Kepes, S., Banks, G. C., & Oh, I. (2014). Avoiding bias in publication bias research: The value of “null” findings. Journal of Business and Psychology, 29(2), 183-203. doi:10.1007/s10869-012-9279-0

Pickett, J. T., & Roche, S. P. (2018). Questionable, objectionable or criminal? public opinion on data fraud and selective reporting in science. Science and Engineering Ethics, 24(1), 151-171.
doi:10.1007/s11948-017-9886-2

Simmons, J. P., Nelson, L. D., & Simonsohn, U. (2011). False-positive psychology: Undisclosed flexibility in data collection and analysis allows presenting anything as significant. Psychological Science, 22(11), 1359-1366. doi:10.1177/0956797611417632

Stahl, D., & Pickles, A. (2018). Fact or fiction: Reducing the proportion and impact of false positives. Psychological Medicine, 48(7), 1084. doi:10.1017/S003329171700294X

Pickett, J. T., & Roche, S. P. (2018). Questionable, objectionable or criminal? public opinion on data fraud and selective reporting in science. Science and Engineering Ethics, 24(1), 151-171. doi:10.1007/s

This article gives the views of the author(s) and not necessarily the views of the Centre for Evidence Based Library and Information Practice or the University Library, University of Saskatchewan.

Writing in the library: A story of exasperation

by Tegan Darnell, Research Librarian
University of Southern Queensland, Australia

As a research librarian doing a work–based Doctorate, with some work time dedicated to research, I thought I would find time to write. I even have time in my electronic calendar set aside for research activities. What I have found, however, is that a university Library is no place to write.

We work in an open plan office space, surrounded by our colleagues and in particularly close proximity to members of our work team. It is a great space to work together, to chat about incidentals, or encourage communication. I do not dislike it. In fact, I rather enjoy it when I’m busy answering inquiries or responding to urgent issues.

I have tried all the things to try and write.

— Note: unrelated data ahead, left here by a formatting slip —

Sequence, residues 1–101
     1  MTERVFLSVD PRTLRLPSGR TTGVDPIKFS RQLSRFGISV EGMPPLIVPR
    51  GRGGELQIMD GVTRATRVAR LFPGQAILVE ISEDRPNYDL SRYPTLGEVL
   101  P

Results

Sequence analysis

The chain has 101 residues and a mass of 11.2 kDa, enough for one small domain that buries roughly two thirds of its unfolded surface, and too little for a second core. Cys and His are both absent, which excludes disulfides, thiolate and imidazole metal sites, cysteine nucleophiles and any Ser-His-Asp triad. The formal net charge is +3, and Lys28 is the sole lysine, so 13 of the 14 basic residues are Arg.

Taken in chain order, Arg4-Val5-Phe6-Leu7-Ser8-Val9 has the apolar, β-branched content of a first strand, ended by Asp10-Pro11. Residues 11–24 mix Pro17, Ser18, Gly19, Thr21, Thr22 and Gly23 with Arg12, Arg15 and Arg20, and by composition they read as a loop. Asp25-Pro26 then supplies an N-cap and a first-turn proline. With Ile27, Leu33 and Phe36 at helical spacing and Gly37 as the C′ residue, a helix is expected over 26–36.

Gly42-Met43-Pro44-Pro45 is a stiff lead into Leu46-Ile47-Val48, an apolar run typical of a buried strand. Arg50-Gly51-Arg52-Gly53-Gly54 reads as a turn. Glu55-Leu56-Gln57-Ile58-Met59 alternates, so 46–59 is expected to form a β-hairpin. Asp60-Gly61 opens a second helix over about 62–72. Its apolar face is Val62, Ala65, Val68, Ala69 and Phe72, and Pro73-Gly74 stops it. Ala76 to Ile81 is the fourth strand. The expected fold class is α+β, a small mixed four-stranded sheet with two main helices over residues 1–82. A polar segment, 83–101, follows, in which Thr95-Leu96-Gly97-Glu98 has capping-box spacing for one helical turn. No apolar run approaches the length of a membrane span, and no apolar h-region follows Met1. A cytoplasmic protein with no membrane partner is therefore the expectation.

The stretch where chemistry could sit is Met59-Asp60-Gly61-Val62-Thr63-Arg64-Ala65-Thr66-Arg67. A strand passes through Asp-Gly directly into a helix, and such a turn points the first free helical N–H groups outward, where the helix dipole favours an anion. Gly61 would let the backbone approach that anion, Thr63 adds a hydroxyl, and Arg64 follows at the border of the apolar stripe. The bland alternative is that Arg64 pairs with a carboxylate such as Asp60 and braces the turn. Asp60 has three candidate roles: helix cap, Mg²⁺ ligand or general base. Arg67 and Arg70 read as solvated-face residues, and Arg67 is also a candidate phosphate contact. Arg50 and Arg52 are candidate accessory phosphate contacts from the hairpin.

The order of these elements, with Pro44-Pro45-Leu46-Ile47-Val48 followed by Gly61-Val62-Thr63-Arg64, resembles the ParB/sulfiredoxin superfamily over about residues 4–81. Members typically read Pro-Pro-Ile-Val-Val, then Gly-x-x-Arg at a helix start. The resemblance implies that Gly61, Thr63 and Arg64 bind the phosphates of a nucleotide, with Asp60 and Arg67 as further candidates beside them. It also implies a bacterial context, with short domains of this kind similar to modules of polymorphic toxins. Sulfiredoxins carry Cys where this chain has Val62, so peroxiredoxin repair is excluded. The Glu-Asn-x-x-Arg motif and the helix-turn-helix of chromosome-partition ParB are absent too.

I have tried:
• headphones
• headphones with loud music
• headphones with soft music
• wearing a hoodie
• wearing a hat

and even

• sitting under my desk with a laptop.

It doesn’t help. People can see me. They know I am there. They can say ‘Excuse me’, tap me on the shoulder, or send me an email – and they know that I just got it because it popped up in my notifications and they can see my computer screen…

It is no place to write.

I tried writing in the Library space. Surely, I thought, this would be the ideal place to write.

The private study carrels were all taken, so I sat down on a lounge with my laptop actually in my lap, ready to go.

“Hi! How is your research going?” someone asked within fifteen short minutes.

Shortly after returning to my writing, some students started moving the furniture around to set up a table for a group project. A few minutes later, the security gates went off. A small child took up residence on the lounge opposite me, rolling around on the seat. A student (and parent) snapped at the child and dragged them away by the arm.

The Library is no place to write.

Research writing takes focus. It takes time – dedicated time – and concentration. I have none of these resources in abundance.

I get out of the Library.

On campus is a small, abandoned office with carpet that lifts off the floor under the chair. The corridors here are silent, and no one ever pops in for a visit. There is no name on the door. There is no phone connection. This room is not connected to the heating or air conditioning system and has its own noisy air conditioner on one wall. I leave it turned off.

I turn off my email, and turn on an alarm to let me know when I can have a break to check for urgent messages.

Forty-six minutes of writing.
_____________
Bing dong bee ding! Bing dong bee ding!

This article gives the views of the author and not necessarily the views the Centre for Evidence Based Library and Information Practice or the University Library, University of Saskatchewan.